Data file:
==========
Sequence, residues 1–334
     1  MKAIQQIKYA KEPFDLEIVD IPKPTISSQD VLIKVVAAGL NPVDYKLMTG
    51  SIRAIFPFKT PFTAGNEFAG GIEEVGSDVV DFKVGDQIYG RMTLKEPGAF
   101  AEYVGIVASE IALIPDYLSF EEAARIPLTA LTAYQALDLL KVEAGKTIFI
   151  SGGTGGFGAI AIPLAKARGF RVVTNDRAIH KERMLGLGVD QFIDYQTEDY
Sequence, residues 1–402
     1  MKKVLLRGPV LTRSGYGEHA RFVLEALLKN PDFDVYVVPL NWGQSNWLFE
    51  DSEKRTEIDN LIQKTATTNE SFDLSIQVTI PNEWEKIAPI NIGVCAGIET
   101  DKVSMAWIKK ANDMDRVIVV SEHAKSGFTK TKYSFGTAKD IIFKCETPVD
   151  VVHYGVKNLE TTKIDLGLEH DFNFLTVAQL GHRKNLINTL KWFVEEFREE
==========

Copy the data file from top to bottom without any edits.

Sequence, residues 1–334
     1  MKAIQQIKYA KEPFDLEIVD IPKPTISSQD VLIKVVAAGL NPVDYKLMTG
    51  SIRAIFPFKT PFTAGNEFAG GIEEVGSDVV DFKVGDQIYG RMTLKEPGAF
   101  AEYVGIVASE IALIPDYLSF EEAARIPLTA LTAYQALDLL KVEAGKTIFI
   151  SGGTGGFGAI AIPLAKARGF RVVTNDRAIH KERMLGLGVD QFIDYQTEDY
Sequence, residues 1–402
     1  MKKVLLRGPV LTRSGYGEHA RFVLEALLKN PDFDVYVVPL NWGQSNWLFE
    51  DSEKRTEIDN LIQKTATTNE SFDLSIQVTI PNEWEKIAPI NIGVCAGIET
   101  DKVSMAWIKK ANDMDRVIVV SEHAKSGFTK TKYSFGTAKD IIFKCETPVD
   151  VVHYGVKNLE TTKIDLGLEH DFNFLTVAQL GHRKNLINTL KWFVEEFREE